How Facebook Got Caught Up in A Moral Controversy

How Facebook Got Caught Up in A Moral Controversy

Facebook has inadvertently found itself at the center of controversy emanating from the death of George Floyd, an African-American who died at the hands of the police in Minneapolis, days ago.

The racially-charged development sparked protests across the 50 states of the United States and many countries around the world. The protests were mixed with burning and looting in the US, prompting President Donald Trump to deploy the National Guard Army in a bid to quell the upheaval.

In his statement authorizing the National Guard to halt the unrest, Trump quoted a controversial racial statement from the past: “These thugs are dishonoring the memory of George Floyd, I won’t let that happen. Just spoke to Governor Tim Walz and told him that the Military is with him all the way. Any difficulty and we will assume control but, “when the looting starts, the shooting starts”,” he wrote on Twitter.

The violence message that concluded his statement violated Twitter’s policy that prohibits promotion of violence, so the social media platform placed a warning notice on the tweet but did not remove it because it was made in the public’s interest.

Trump shared the same statement on Facebook, and it was left unchecked, a development that did not only irk the public but also Facebook staffers. One of the reasons being that overtime, the platform has appeared to be making itself pro right wing.

Before Trump shared the “when the looting starts, the shooting starts” statement, he had got into a brawl with Twitter over his tweet discrediting mail-in voting. Twitter had appended a link on his tweet that provides more information about mail-in voting, and Trump called it “censorship,” and threatened to amend Section 230 of the communication Decency Act to hold social media platforms responsible for anti-conservatives posts.

As the controversy between Twitter and Trump escalated, Facebook CEO, Mark Zuckerberg weighed in and took the side of Trump. He said that social media platforms “shouldn’t be acting as an arbiter of truth.” And in justification of his executive order aimed at the review of Section 230 of communication Decency Act, Trump quoted Zuckerberg.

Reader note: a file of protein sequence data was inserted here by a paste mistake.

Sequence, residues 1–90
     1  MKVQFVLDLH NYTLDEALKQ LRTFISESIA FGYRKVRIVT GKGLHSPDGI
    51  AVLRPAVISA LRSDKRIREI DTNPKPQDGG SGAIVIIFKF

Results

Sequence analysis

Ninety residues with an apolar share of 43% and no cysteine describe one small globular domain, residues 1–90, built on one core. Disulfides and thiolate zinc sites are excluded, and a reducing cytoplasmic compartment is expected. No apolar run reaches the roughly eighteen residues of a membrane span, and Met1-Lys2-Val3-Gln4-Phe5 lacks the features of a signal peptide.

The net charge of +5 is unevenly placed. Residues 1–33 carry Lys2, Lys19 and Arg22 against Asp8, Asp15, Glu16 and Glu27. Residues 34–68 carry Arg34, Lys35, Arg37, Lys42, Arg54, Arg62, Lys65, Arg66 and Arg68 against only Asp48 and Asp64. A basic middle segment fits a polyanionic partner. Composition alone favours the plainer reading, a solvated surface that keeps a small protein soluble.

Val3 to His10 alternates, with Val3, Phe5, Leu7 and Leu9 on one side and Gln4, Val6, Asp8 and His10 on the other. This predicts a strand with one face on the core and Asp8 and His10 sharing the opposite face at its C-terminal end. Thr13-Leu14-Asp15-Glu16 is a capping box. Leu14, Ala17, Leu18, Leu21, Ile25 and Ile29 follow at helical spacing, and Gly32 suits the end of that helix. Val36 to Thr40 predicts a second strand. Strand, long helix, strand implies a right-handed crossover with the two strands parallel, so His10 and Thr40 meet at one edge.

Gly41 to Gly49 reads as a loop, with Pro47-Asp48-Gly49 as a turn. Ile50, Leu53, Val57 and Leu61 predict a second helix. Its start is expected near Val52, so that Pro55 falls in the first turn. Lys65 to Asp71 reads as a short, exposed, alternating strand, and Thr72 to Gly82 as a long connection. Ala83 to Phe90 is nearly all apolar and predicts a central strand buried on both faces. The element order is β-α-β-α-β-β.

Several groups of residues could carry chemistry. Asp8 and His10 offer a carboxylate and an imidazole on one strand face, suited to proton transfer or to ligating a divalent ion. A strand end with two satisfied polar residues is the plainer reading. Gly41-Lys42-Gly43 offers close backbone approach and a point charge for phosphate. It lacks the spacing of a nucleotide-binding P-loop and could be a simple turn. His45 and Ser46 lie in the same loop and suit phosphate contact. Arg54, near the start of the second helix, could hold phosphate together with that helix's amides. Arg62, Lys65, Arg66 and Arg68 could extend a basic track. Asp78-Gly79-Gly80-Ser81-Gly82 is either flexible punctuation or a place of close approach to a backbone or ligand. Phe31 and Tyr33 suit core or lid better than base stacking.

A few days later, following a heavy backlash on Trump’s response to the protests, Zuckerberg found himself defending his inability to take down the looting and shooting statement from Facebook.

“I’ve been struggling on how to respond to the President’s tweets and posts all day,” Zuckerberg admitted in a post he made on Facebook. “Personally, I have a visceral negative reaction to this kind of divisive and inflammatory rhetoric…

“But I’m responsible for reacting not just in my personal capacity but as the leader of an institution committed to free expression. I know many people are upset that we’ve left the President’s posts up, but our position is that we should enable as much expression as possible unless it will cause imminent risk of specific harms or dangers spelled out in clear policies.”

Zuckerberg said he let the controversial post on because it has violated no Facebook policy, though it clearly has a troubling historical reference. He said that Facebook read the post as a warning about state action, not a threat to the public.

However, his efforts to excuse his actions were greeted with further criticism. On Monday, Facebook workers staged a virtual walk out to protest the company’s decision to allow Trump’s statement on the platform. There was a report that Trump had a telephone conversation with Zuckerberg after he criticized Twitter for fact-checking the former, and that has further heightened people’s concern on where the Silicon Valley giant stands on the issue of morality.

Though Zuckerberg has doled out $10 million to support the movement against racial injustice, the gesture is failing to change the perception that the decision not to check controversial posts by Trump and other GOP members has been created.

On Friday, Timothy Aveni, an engineer with Facebook turned in his resignation. He said that the company is being “complicit in the propagation of weaponized hatred.” This is after a host of his coworkers had used their social media pages to fiercely oppose Zuckerberg’s stand on the matter.

As Facebook continues to receive backlash, Zuckerberg has been compelled to engage the company’s employees in a move to review some of the policies. On Friday, he outlined some of the areas that Facebook needs to work on especially in times of crisis.

“We’re going to review potential options for handling violating or partially-violating content aside from the binary leave-it-up or take-it-down decisions. I know many of you think we should have labeled the president’s posts in some way last week,” he said.

The events of the past few days have put Zuckerberg at the center of moral and political tussle, and it will take more than statements to prove what matters more to him.

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